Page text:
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DFM delays 90 and 65nm, analyst says

Posted: 11 Oct 2005 ?? ?Print Version ?Bookmark and Share

Keywords:international business strategies? dfm? 90nm? wafer? 65nm?

Design for manufacturability (DFM) concerns have slowed the ramp-up of 90nm wafer volumes and will be even more problematic at 65nm, said Handel Jones, CEO of International Business Strategies Inc., at the fabless Semiconductor Association Expo Thursday (Oct. 6).

Jones moderated a panel on DFM in which he presented IBS' latest research. Jones' presentation, along with the panelist comments that followed, provided a warning and a call to action.

Jones noted that 90 and 130nm wafers use the same materials, yet the ramp-up times were under a year and a half for 130nm, and over two years for 90nm. "So why the delay? Our analysis is that leakage is the major factor impacting low yields," Jones said. This includes both sub-threshold and gate-oxide leakage, he noted.

Leakage, according to Jones, is the primary factor in design-related yield loss. And at 90 and 65nm, design-related yield loss is more significant than process-related and reticle-related yield loss, according to IBS data. At 65 nm, design-related yield loss alone may reduce yields by as much as 30 percent, Jones said.

Jones also noted that manufacturing and design costs are taking a larger and larger percentage of total revenues. At 90nm, the manufacturing cost is 60.4 percent of total revenues, while design cost is 11.7 percent. At 65nm, IBS projects that the manufacturing cost will be 69.4 percent of revenues, and the design cost 16.8 percent. "The cost factors are going in the wrong direction," he said.

Jones also cited a very high level of inefficiency in silicon gate utilization. At 90nm, he said, a typical ASIC or ASSP uses around 13 million gates, compared to an available gate count of 30 million gates for a 10mm x 10mm die. Gate utilization isn't expected to be much higher at 65 nm, where 100 million gates will be available.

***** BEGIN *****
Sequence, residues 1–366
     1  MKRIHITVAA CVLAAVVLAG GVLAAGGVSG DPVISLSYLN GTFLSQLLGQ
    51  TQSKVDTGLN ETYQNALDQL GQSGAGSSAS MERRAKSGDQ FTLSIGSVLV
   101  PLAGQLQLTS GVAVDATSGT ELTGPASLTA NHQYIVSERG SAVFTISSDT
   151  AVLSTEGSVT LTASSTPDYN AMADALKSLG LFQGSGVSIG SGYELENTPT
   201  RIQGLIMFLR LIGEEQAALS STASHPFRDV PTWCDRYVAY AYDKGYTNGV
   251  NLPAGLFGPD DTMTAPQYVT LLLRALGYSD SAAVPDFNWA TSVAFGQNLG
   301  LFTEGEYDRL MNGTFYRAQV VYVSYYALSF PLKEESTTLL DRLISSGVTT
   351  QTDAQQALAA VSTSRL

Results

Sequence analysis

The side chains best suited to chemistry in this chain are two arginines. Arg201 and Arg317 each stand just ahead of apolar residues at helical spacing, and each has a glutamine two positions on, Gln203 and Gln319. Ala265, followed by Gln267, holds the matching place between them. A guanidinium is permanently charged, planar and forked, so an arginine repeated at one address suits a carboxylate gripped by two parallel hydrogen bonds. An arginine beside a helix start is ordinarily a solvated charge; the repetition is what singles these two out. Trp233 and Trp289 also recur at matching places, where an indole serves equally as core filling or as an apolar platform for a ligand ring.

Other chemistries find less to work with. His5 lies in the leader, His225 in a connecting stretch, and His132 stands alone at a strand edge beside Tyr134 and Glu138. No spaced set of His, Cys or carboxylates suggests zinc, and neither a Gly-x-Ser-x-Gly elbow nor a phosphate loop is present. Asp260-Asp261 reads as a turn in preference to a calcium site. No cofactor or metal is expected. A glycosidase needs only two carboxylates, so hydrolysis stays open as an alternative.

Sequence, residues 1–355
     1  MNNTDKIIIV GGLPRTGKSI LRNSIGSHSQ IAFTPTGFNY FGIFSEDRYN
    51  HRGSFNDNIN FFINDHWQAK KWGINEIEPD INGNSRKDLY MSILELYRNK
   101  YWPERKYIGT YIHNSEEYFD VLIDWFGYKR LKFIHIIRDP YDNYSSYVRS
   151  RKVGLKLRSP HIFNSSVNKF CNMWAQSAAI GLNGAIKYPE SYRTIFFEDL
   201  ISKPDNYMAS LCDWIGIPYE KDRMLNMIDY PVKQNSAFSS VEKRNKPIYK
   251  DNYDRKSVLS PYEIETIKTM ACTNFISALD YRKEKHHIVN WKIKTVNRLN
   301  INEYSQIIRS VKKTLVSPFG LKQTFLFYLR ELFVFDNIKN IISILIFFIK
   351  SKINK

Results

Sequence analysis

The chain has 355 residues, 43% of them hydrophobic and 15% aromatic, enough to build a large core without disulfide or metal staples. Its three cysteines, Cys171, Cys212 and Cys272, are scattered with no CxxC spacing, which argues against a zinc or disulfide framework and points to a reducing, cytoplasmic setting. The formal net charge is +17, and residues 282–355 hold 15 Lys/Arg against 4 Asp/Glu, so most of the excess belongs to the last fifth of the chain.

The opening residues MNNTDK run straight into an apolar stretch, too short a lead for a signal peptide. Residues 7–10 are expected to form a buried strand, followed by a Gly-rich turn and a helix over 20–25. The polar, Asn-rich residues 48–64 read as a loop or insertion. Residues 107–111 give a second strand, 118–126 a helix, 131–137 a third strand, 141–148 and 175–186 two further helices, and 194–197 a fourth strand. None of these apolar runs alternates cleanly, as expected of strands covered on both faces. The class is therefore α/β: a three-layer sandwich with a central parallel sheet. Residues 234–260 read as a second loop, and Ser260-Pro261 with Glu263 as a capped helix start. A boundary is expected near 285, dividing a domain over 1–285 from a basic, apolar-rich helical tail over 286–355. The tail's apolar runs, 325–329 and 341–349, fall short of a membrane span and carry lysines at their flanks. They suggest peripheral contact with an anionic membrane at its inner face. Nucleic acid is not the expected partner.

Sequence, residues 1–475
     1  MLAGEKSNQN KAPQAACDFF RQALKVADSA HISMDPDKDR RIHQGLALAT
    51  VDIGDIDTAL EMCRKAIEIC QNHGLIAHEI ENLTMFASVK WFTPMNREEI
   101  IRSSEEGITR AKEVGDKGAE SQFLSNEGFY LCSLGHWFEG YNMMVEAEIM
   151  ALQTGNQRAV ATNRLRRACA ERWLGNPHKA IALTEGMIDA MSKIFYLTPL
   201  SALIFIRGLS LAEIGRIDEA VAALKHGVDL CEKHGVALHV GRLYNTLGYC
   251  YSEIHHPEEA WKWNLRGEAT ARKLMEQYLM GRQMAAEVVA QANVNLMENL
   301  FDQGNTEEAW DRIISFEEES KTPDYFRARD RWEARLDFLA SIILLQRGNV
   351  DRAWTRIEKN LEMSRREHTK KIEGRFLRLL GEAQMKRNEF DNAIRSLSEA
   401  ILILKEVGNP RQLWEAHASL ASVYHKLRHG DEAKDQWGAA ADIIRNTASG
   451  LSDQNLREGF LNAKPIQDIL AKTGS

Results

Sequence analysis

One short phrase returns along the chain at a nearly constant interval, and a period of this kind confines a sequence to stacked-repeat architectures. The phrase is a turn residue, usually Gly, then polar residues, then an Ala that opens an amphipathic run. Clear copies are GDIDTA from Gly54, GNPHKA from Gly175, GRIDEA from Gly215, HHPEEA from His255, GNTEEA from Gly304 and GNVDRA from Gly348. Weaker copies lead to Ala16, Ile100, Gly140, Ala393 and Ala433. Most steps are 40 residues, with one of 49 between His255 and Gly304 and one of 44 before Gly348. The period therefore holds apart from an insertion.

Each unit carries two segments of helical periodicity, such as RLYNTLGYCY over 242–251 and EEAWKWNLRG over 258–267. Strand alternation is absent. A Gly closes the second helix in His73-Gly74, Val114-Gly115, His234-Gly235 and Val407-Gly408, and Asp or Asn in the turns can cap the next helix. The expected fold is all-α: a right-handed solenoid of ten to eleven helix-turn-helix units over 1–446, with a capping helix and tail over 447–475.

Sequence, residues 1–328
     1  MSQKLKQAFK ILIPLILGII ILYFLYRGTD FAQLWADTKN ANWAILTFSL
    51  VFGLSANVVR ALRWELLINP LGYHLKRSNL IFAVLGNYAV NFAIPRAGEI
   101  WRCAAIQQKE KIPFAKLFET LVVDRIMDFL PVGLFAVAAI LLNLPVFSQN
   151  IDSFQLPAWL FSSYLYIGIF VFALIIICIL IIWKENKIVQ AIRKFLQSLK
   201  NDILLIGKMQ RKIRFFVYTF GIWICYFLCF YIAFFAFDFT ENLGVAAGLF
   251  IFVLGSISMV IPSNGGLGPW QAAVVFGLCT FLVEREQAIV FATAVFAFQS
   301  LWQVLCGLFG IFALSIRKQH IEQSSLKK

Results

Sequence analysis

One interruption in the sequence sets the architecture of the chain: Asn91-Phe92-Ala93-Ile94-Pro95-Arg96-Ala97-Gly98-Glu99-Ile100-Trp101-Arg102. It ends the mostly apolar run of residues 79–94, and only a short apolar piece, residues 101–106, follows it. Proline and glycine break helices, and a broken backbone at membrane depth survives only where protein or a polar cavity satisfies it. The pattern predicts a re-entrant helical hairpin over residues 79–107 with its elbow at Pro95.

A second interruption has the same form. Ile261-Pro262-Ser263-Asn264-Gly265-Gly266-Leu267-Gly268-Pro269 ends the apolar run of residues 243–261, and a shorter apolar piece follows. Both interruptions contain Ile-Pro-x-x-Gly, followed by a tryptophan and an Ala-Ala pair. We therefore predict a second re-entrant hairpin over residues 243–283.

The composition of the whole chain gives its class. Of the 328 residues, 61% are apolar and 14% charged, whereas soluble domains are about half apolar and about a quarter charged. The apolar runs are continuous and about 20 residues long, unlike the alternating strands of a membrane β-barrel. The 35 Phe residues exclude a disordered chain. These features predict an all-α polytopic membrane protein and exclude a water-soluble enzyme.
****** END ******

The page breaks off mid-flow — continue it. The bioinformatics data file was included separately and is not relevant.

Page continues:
With costs of $3.5 billion to ramp up to volume production at 65nm, and a time frame of two and a half years, only the largest companies will be able to invest in 65nm fabrication, Jones said. "We're going to an environment where the industry will become increasingly fabless," he said.

Panelists agreed that the challenges for 65nm are huge. "It's never going to be easy again," said Lance Glasser, group vice president for wafer inspection at KLA-Tencor. DFM, he said, must aim at the entire process window rather than "aiming at typical and hoping you hit it."

V.K. Raman, vice president of procurement at Qualcomm, said that high costs require a strong business justification for going to 90 or 65nm. EDA tools are becoming more capable of handling issues like dummy fill, he said, but DFM remains a huge challenge. And if a chip doesn't work, Raman said, "nothing helps us with failure analysis."

DFM must become more design-centric, said Mark Levitt, vice president and general manager for DFM at Cadence Design Systems. "We need smart metal fill during design, not dummy metal fill with post-processing," he said. "We need to deal with full process window variation. Does that mean full statistical timing analysis? The jury is still out on that one."

Anantha Sethuraman, vice president of DFM for Synopsys' silicon engineering group, spoke of chemical metal polishing (CMP) and the need to design circuits that are "polish friendly." He also called for "inspection-aware" dummy metal fill. The key, he said, is manufacturing-aware design.

Defect densities are going up as feature sizes shrink, noted John Kibarian, president and CEO of PDF Solutions. He called for a move from DFM rules to DFM models that can quantify the probability of failure of a circuit element, and allow a tradeoff between yield and performance. He also predicted that it will be necessary to take statistics into account at 45 and 32nm.

Levitt noted that some large companies have been successful at DFM, gaining a competitive advantage. "Will it be democratized so anyone can do DFM?" he asked. "Can we get trusted data into the fabless model? That's what will determine how many people will be successful."

- Richard Goering

EE Times





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